White House to Pursue Immigration Reform


Heading into a second term, President Obama has announced that immigration reform will be a top priority.

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It may be an uphill battle, especially following the recent and upcoming fiscal cliff negotiations, but the White House plans to push ahead with immigration reform, which became sidelined during President Obama’s first term.

So far, the President has been successful in taking minor steps at immigration reform in removing the threat of deportation for young Americans who were brought into the county illegally by their parents.  
The White House has already outlined four policy measures that it expects to strengthen what it calls a “broken immigration system.”
Securing our borders to “prevent those who would do our nation harm from entering our country” is the first measure suggested by White House officials, who note that our borders are more secure than at any other time in our nation’s history.  There is also a need to make businesses that hire undocumented workers accountable for undermining federal laws and American workers by exploiting foreign workers.  
Measures to accompany specific enforement measures would be changing the law so that young immigrants who serve in the military or who pursue higher education would be granted legal status.  “Our immigration laws should continue to reunify families and encourage individuals we train in our world-class institutions to stay and develop new technologies and industries in the United States rather than abroad,” the White House’s issues page for immigration reads.  Such laws would also provide farmers with a legal avenue to acquire the necessary labor needed for production.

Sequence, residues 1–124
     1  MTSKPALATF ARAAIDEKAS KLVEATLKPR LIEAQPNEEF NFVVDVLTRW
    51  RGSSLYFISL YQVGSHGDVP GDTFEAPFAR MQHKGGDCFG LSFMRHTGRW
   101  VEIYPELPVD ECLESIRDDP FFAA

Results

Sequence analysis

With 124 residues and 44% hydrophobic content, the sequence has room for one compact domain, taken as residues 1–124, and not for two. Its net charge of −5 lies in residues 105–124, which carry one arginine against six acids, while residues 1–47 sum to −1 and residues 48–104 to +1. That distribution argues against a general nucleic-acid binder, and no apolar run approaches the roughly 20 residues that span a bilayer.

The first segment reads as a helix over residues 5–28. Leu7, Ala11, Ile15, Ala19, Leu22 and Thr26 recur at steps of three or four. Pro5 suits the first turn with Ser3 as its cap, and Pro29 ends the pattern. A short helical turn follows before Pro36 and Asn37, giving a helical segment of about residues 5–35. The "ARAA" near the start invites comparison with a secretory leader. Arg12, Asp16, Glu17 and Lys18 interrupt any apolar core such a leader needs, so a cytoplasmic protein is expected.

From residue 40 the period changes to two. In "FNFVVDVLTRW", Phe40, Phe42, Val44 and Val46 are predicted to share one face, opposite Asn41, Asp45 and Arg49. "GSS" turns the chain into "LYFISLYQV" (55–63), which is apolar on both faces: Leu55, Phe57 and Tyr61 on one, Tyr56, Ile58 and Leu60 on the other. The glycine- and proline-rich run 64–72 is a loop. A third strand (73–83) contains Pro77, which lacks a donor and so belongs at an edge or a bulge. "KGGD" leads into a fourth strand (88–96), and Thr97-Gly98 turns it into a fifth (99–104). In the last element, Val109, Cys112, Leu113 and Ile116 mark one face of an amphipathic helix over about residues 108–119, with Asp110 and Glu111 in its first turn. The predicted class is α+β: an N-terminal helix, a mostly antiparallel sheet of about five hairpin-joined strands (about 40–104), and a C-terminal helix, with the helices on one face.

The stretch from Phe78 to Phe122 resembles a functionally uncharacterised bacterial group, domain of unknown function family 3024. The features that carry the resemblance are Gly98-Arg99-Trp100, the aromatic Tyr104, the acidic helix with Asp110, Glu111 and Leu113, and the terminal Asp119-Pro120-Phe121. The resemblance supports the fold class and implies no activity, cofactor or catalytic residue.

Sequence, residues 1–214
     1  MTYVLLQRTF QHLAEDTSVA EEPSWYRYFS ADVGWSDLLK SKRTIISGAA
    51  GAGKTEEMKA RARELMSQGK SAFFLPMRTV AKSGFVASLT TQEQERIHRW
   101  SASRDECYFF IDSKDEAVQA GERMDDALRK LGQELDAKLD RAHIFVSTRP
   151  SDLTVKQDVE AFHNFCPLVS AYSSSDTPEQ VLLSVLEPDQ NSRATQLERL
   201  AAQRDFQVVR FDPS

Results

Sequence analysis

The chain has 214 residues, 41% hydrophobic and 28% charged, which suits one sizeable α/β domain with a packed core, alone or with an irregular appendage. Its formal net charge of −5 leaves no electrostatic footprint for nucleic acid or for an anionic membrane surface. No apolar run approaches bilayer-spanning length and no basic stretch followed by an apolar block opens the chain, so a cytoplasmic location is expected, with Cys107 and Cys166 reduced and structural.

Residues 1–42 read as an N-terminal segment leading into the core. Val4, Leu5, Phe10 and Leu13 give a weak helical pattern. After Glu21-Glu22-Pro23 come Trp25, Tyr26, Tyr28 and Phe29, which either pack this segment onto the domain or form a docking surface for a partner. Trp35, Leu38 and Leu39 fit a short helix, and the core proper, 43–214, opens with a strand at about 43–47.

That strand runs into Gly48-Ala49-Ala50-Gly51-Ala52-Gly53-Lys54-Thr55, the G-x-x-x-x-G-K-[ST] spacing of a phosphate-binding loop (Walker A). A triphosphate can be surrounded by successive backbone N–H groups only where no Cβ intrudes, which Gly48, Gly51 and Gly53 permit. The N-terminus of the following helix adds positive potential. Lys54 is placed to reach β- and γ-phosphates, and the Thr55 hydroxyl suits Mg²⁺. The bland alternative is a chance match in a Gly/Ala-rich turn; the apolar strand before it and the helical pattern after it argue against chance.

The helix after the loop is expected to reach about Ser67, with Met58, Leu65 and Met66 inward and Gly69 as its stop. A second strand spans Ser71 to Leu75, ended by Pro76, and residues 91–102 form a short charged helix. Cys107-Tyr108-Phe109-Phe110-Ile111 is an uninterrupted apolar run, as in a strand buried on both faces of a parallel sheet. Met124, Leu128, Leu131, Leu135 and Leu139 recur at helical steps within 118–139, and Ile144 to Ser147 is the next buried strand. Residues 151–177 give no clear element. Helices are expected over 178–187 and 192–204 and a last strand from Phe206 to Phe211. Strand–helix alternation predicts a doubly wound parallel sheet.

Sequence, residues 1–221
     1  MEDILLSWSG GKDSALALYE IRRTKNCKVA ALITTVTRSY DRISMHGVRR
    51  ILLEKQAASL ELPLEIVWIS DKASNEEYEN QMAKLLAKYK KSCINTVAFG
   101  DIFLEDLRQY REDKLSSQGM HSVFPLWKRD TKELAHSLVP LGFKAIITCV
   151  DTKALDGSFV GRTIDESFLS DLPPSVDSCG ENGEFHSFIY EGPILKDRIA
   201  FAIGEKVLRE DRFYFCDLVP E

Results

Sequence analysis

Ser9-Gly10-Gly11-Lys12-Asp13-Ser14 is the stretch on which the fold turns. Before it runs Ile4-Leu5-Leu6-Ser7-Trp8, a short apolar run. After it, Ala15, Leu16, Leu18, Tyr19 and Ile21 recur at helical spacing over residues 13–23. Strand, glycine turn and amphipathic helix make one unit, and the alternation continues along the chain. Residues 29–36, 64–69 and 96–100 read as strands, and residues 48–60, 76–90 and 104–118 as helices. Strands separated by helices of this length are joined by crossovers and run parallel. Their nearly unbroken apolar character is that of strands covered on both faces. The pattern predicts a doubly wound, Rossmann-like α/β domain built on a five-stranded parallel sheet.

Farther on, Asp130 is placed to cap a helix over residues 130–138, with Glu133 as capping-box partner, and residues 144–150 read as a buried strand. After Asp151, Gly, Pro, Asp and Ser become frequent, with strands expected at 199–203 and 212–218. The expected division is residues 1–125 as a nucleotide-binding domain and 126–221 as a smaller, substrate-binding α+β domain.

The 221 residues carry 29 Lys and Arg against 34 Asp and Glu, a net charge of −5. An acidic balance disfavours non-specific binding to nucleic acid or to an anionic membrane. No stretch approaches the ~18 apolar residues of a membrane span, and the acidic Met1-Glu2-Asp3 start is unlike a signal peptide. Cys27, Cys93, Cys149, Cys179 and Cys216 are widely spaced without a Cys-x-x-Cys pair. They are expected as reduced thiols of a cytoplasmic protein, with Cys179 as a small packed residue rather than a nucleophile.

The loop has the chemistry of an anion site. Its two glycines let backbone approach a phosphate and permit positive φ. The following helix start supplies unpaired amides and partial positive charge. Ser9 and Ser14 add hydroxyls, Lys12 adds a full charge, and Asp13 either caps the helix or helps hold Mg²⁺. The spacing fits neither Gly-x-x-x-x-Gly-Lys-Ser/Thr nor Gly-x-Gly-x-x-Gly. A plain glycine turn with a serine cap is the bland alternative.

The last peg of the reform measures would require illegal immigrants to register and undergo criminal and national security background checks.  These immigrants would also be required to pay taxes, as well as a penalty, and would be required to learn English before becoming eligible for citizenship.  
“Being a citizen of this country comes not only with rights but also with fundamental responsibilities. We can create a pathway for legal status that is fair and reflects our values,” the White House website states.
The President has also vowed to put forward new gun control restrictions, following the tragic shooting at Sandy Hook Elementary in Newtown, Conn. in mid-December.  The new push for immigration reform, a first term goal for the President, is coming as somewhat of a surprise to political pundits, who have been consumed with the fiscal cliff drama for well over a month.  
Immediately following the Newtown shootings, the President established a task force led by Vice President Joe Biden to provide recommendations, saying at the time that the passion surrounding the topic should not fade away in the few weeks the task force conducts its investigation.  The late-January deadline seems much sooner from this side of the new year.
Between the new plans for immigration reform, increased gun control and all debates to come for the second half of the fiscal cliff, spending cuts, the newely instated 113th Congress will have their hands full.  
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